Homily: May 10, 2015

SIXTH SUNDAY OF EASTER, YEAR B; Rev. Phil Boelter, Vicar "Everyone who believes in Christ receives forgiveness of sins through his name."



Peter, are you SURE about that?


After all, God had to send the Apostle Peter a vision

before he'd  even darken the door of Cornelius the Roman centurion!


I can just hear Peter pleading

"But God, They re GENTILES!"


It's only when the Holy Spirit falls on those Gentiles

that Peter realizes God means business!!


God was stretching Peter's comfort zone.

But to be fair,

God wasn’t picking on poor Peter alone.


From the beginning on the day of Pentecost

throughout the book of Acts

God's Spirit was consistently pushing and pulling

all of God’s people towards the edges.


God was leading the first believers out from

comfortable old Jerusalem

the Holy City with its familiar sights and sounds and good old boy network.


God first pushes followers of Jesus Way toward the Samaritans.


The nearby Samaritans were just a few miles to the north.

But they might as well have been a thousand miles away.


Many Jews considered the Samaritans to be half breeds, foreigners.

But slowly the Jewish followers of Jesus way

began to accept the Samaritans who believed in Christ

as equals, first class brothers and sisters.


That happened back in Acts Chapter Eight.

But God wasn’t content with that.


Here in Acts Chapter 10

the Spirit pushed the early followers of Jesus even further.


God said to Peter- “accept the Gentiles”

embrace the Romans like Cornelius the Centurion.

A tough sell.

The Romans were the occupying army in Israel,

the oppressors, conquerors of the Jews.


Everywhere the followers of Jesus Way have gone

they have been stretched out of their comfort zones.

Its been that way since the beginning.


Sometimes people think all this talk about inclusivity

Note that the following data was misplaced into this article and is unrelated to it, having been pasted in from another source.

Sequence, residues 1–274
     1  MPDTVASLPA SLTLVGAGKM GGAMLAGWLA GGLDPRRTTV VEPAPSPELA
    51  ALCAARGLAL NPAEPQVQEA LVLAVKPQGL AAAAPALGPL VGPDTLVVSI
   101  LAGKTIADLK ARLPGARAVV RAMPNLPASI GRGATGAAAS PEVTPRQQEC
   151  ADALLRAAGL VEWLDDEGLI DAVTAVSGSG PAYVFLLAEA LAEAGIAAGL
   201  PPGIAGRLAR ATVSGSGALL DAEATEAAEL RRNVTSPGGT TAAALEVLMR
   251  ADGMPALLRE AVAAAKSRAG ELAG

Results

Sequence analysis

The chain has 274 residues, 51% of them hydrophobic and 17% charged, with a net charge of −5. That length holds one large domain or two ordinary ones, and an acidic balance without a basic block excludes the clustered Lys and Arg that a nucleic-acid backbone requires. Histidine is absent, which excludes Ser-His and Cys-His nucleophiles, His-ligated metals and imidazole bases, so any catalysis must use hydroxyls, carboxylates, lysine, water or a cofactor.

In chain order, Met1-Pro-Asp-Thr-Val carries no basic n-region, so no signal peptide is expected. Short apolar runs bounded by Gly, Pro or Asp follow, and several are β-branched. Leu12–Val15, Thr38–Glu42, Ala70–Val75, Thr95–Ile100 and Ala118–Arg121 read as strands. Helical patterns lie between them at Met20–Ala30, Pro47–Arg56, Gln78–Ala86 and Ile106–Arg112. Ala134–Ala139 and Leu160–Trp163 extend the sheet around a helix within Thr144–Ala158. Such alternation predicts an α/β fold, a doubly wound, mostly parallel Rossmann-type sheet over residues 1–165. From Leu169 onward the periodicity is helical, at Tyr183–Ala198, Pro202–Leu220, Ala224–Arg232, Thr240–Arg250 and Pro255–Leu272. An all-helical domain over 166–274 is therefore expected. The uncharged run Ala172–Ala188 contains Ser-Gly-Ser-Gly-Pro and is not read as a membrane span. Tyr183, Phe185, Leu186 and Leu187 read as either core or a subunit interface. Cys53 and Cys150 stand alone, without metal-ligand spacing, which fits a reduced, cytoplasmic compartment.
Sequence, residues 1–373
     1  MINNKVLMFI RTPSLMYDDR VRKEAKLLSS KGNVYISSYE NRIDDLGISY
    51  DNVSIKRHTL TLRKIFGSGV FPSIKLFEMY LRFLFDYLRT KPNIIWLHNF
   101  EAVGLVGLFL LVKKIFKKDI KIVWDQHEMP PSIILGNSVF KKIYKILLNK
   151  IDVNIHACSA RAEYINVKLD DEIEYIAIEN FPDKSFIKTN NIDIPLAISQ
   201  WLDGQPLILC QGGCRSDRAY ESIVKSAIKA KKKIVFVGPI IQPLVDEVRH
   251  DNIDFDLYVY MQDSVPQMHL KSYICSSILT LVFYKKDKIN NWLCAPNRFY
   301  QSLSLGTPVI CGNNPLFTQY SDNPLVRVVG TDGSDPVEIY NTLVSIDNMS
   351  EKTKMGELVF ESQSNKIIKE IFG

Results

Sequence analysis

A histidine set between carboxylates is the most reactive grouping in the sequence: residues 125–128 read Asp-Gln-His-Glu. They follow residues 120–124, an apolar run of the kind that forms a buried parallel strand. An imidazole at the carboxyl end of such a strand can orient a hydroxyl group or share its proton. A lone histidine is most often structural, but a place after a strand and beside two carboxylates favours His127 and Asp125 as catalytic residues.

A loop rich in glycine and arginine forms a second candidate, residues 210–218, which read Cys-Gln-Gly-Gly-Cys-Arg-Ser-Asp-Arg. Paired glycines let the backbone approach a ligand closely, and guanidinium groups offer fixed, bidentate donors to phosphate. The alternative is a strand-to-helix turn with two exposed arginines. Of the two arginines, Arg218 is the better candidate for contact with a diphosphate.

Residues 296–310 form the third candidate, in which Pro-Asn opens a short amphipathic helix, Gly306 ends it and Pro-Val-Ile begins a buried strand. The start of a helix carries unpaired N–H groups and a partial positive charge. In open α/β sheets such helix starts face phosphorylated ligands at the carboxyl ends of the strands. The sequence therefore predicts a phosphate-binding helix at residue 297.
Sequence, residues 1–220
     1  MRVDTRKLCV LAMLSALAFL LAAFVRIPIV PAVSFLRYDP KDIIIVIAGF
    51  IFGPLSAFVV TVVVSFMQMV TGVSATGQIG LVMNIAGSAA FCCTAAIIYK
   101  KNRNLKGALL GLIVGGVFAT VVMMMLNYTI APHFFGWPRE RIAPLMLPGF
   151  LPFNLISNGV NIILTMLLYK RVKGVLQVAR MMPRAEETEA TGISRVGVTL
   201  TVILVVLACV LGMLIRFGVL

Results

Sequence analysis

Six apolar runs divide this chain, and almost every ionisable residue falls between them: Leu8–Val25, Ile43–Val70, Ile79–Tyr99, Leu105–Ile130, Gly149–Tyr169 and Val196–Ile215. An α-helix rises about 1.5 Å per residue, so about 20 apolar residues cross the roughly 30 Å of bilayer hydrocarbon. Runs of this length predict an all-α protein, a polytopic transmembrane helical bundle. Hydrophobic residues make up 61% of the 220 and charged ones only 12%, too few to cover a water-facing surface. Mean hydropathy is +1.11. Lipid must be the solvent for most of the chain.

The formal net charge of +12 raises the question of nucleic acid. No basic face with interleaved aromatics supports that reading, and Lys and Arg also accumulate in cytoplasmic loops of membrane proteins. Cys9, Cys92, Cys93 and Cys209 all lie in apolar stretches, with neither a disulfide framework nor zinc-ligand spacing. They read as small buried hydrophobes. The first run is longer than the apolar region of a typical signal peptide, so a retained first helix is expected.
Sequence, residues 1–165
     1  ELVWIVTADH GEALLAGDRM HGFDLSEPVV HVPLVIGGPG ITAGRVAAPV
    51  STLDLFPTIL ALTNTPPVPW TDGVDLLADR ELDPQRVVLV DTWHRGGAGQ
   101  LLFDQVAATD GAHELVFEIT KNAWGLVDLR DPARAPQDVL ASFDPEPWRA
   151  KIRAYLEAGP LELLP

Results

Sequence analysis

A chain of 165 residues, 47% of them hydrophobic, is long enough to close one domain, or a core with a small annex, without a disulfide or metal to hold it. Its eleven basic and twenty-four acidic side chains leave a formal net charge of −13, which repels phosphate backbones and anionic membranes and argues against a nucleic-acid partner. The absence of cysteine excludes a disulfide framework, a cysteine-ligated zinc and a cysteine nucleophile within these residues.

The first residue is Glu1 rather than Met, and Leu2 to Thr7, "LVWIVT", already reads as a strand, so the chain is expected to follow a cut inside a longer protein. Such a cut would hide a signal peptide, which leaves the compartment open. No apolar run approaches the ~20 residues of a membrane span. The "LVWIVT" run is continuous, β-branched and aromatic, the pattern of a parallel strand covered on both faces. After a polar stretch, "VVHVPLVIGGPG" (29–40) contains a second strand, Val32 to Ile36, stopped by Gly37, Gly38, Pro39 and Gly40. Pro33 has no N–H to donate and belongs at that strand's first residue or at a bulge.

is just modern liberation movements in society

invading the church from outside.


You name it!

African and Native Americans, Women,   LGBT issues.


But inclusivity is not a modern invention.

It’s always been that way.


In every generation

Believers in Jesus have thought to ourselves

“we’ve gone about as far as we can go.”


Here are the boundaries-

This is how far the love and compassion of God can lead us

And no further.


Every time       EVERY TIME

God says- go just a little farther please.


Have you ever wondered   Why that is?

Why does God keep stretching us,

Moving us beyond our comfort zones?


Its because that’s where God is.

He’s just as much out at the periphery,

way beyond our comfort zones,

as he is near us.


The reason God stretches us

to love beyond OUR comfort zones

Is because he loves that way too.

God lives that way too.


<<Last Thursday evening

As part of our Celebration of New Ministry

we remembered an English saint

whose feast day was Friday, Julian of Norwich.


She didn’t travel far and wide-

She probably never went more than a few hundred feet

from her tiny monastic cell

attached to the parish church at Norwich.

Her room was no likely bigger than our baptistery room

at the back of the church.


She spent many decades in that tiny space.

But no one was stretched further to the boundaries

in God’s love than she was.


The first book written by a woman in the English language

came from her pen in 1395,

when a series of visions led her

to compose a treatise called Revelations of Divine Love –

an extraordinary contemplation

of universal love and hope

written in a time of plague, religious schism, uprisings and war.>>


This is part of what Julian wrote:


God showed me a little thing, a hazel nut,

lying in the palm of my hand, as it seemed.

I thought, 'What may this be?'

Came the answer:

'It is all that is made.'

It lasts and ever shall, for God loves it.

And so have all things their beginning by the love of God.”>>


(Remember Julian’s hazelnut?)

Julian saw all things in love,

because she saw all things in God.


For Julian,

God’s love had no boundaries-

It was in the tiniest hazelnut

And out there also-

to the farthest edges of the universe.


That boundary stretching love is the hope of our world-

a world where people every day

fight and claw their way to the top,

a world where people look down on others,

where war and injustice seem often to prevail.


That is the hope I have

about Baltimore,   And Kosovo,

and right here in our own city and neighborhoods

where we have to live the boundary stretching love of God.


God is always stretching all of us us

to look for the next person to love.


What Julian saw in that hazelnut

is also what drove the Apostle Peter

Beyond is Jewish comfort zone

into embracing Cornelius the Centurion.


That same love is what will strengthen us today.


Where are the boundaries of your comfort zone today?

And how is God sending you out beyond it in love?